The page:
BURLINGTON SYSTEM. The Chicago, Burlington and Quincy Railroad Company, commonly called the Burlington, was a major midwestern railroad system that had its origins in 1849 as the Aurora Branch Railroad. By 1900 the company had important lines radiating from Chicago to Minneapolis-St. Paul, Denver, Kansas City, and St. Louis. Other lines of the Burlington extended as far west as Billings, Montana. In December 1908 the Burlington gained control of a Texas system extending from the Panhandle through Fort Worth to Houston and Galveston when it acquired the Colorado and Southern Railway Company. The Colorado and Southern owned several Texas railroads, the oldest of which was the Fort Worth and Denver City Railway Company, chartered on May 26, 1873. The road was promoted by Fort Worth citizens to connect that city with a railroad from Denver. The Panic of 1873 delayed start of construction until November 1881, but the Fort Worth and Denver City reached Wichita Falls in 1882 and the Texas-New Mexico state line in 1888. The Colorado part of the route began on January 25, 1881, with the chartering of the Denver and New Orleans Railroad Company. In April 1881 the Fort Worth and Denver City and the Denver and New Orleans agreed to connect at the Texas-New Mexico border. The Denver and New Orleans built 125 miles of track from Denver to Pueblo that opened in April 1882. However, the line was sold at foreclosure on March 18, 1886, and reorganized as the Denver, Texas and Gulf Railroad Company. A third company, the Denver, Texas and Fort Worth Railroad, was organized on April 12, 1887, to complete the railroad across Colorado and New Mexico. Connection between the Denver, Texas and Fort Worth and the Fort Worth and Denver City was made on March 14, 1888, at Union Park, New Mexico Territory, 528 miles northwest of Fort Worth. Shortly thereafter, the Denver, Texas and Fort Worth acquired stock control of the Fort Worth and Denver City and the Denver, Texas and Gulf, and the three railroads were operated as an integrated system.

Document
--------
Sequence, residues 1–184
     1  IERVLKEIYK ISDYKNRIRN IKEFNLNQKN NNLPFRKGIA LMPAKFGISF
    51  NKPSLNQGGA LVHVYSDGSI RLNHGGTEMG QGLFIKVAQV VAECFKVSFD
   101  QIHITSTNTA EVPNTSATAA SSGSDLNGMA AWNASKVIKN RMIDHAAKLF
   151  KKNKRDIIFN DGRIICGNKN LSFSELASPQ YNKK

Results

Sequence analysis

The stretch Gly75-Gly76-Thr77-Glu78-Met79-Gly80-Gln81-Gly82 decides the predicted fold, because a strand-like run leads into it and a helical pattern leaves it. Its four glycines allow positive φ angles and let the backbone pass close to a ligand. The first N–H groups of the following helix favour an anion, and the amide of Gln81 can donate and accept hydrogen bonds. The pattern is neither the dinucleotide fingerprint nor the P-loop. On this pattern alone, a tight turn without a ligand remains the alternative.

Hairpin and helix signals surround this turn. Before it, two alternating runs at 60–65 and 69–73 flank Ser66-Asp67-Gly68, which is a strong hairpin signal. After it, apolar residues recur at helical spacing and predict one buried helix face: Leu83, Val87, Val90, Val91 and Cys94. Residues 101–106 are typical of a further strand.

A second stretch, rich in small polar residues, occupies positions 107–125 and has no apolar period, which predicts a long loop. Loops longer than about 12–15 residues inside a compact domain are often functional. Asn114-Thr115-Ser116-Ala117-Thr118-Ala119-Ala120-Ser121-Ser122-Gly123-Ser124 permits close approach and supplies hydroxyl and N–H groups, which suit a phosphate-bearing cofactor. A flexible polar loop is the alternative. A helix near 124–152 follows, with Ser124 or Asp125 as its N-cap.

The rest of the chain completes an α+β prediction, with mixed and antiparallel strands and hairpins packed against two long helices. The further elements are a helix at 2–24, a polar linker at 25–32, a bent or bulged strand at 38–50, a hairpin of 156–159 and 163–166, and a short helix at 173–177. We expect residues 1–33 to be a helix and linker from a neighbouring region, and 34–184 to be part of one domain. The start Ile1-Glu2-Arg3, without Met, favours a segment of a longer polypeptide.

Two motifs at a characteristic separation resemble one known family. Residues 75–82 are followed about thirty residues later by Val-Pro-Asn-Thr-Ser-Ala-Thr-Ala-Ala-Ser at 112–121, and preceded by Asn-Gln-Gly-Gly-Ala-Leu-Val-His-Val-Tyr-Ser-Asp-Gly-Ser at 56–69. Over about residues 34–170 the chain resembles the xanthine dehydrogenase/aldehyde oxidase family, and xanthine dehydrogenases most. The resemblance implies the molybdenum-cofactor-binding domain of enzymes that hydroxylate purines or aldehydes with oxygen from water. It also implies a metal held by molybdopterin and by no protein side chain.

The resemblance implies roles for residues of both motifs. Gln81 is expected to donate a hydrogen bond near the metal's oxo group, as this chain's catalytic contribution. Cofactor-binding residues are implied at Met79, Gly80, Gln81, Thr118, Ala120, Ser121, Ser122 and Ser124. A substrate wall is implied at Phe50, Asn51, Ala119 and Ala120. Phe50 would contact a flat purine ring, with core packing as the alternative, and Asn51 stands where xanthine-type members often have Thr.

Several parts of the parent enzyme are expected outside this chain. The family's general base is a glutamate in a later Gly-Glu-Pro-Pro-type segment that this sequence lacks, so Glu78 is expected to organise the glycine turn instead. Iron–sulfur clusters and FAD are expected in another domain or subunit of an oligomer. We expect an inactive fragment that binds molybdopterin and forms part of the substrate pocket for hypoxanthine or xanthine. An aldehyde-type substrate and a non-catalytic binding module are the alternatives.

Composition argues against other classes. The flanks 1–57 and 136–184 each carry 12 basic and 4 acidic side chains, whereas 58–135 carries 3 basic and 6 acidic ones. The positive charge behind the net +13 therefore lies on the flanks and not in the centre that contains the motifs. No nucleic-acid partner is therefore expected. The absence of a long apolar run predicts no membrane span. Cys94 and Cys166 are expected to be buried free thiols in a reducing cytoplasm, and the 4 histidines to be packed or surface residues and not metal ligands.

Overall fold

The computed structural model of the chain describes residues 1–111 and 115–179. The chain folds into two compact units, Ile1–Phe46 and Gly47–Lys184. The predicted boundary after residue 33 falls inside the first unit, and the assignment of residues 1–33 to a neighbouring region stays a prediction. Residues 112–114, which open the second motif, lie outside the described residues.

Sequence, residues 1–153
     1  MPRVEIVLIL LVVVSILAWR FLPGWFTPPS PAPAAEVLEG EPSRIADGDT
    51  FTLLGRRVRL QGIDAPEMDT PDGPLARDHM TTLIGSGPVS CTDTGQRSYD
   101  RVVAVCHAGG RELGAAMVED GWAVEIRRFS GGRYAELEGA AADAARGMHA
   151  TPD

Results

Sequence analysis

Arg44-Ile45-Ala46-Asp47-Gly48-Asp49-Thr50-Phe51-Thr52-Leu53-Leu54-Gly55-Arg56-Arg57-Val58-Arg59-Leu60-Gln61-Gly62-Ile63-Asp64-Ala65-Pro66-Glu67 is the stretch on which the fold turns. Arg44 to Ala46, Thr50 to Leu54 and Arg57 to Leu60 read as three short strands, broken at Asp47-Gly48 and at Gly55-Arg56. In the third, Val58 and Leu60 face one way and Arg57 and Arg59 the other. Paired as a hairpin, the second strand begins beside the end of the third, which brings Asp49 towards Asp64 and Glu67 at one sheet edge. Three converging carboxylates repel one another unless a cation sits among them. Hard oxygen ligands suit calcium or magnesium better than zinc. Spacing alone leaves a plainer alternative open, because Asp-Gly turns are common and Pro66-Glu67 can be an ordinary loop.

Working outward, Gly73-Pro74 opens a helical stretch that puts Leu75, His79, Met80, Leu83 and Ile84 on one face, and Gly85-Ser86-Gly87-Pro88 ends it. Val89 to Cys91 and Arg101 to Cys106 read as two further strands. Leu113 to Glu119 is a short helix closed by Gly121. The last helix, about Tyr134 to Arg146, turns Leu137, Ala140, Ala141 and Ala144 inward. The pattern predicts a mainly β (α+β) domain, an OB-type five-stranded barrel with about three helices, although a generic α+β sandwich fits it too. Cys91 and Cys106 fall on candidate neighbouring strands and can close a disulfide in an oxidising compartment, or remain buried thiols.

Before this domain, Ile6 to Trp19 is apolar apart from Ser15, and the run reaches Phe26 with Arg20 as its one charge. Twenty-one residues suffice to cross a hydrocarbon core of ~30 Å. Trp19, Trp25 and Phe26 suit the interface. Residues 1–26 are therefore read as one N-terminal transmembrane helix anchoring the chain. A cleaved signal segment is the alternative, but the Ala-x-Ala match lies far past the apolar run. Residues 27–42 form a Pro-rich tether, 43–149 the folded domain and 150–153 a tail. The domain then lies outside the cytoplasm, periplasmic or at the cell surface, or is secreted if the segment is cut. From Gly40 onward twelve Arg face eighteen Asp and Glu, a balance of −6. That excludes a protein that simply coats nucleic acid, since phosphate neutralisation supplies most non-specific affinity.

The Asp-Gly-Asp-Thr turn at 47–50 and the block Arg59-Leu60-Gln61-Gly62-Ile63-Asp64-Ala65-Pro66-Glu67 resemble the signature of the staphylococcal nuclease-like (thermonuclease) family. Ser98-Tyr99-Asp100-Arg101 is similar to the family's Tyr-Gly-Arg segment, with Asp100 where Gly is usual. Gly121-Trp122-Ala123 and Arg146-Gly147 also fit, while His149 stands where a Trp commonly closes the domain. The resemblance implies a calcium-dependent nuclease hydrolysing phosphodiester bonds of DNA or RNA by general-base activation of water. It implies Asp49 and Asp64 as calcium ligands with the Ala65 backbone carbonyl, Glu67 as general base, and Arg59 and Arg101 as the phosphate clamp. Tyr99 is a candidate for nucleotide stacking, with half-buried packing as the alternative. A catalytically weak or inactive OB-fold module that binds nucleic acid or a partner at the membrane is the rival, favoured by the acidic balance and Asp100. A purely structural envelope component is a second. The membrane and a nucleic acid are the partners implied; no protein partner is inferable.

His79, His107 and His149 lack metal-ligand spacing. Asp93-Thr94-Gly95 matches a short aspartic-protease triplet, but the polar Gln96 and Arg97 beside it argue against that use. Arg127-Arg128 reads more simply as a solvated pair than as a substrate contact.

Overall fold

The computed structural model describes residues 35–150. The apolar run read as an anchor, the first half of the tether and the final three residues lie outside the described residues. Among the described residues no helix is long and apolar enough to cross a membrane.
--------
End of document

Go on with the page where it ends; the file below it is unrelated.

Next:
The Colorado lines were consolidated in 1891 as the Union Pacific, Denver and Gulf Railway Company and, along with the Fort Worth and Denver City, operated as part of the Union Pacific system. Following the failure of the Union Pacific, Denver and Gulf, the Colorado and Southern Railway Company was chartered on December 19, 1898, and on January 11, 1899, acquired the lines in Colorado and Texas. The Colorado and Southern then embarked on a program of buying or building feeder lines in North Texas. In 1905 the company acquired the Wichita Valley Railway Company. The Wichita Valley had been chartered on February 8, 1890, and had constructed sixty-one miles from Wichita Falls to Seymour. Other railroads promoted and built by local interests were acquired upon completion. These included the Wichita Valley Railroad Company, which had been chartered on October 12, 1905, and by January 1907 had completed fifty-two miles from Seymour to Stamford. The line between Stamford and Abilene, thirty-eight miles, was built by the Abilene and Northern Railway Company. This company had been chartered on February 5, 1906, and completed its line in 1907. To serve the territory north of Wichita Falls, the Wichita Falls and Oklahoma Railway Company was chartered on October 26, 1903, and by June 1904 had built twenty-four miles of track from Wichita Falls to Byers. The only line built under Colorado and Southern auspices was the Stamford and Northwestern Railway, chartered on January 11, 1909, to build between Stamford and Plainview. Only the eighty-three miles to Spur, which opened in October 1909, was built.
In order to extend its system from Fort Worth to Houston and Galveston, the Colorado and Southern bought the Trinity and Brazos Valley Railway Company on August 1, 1905, and subsequently sold one-half interest to the Chicago, Rock Island and Pacific Railway Company. The Trinity and Brazos Valley had been chartered on October 6, 1902, and by early 1904 had a line operating between Cleburne and Mexia. The Trinity and Brazos Valley completed its line from Mexia to Houston and from Teague to Waxahachie in 1907, and via trackage rights over connecting railroads reached Fort Worth, Dallas, and Galveston. To provide terminal facilities at Houston, the Trinity and Brazos Valley acquired a 25 percent interest in the Houston Belt and Terminal Railway Company, while the Galveston Terminal Railway Company was organized to develop a Galveston terminal. The Trinity and Brazos Valley also acquired a one-eighth interest in the Union Terminal Company in order to provide passenger facilities at Dallas. The Trinity and Brazos Valley was reorganized as the Burlington-Rock Island Railroad Company in 1930.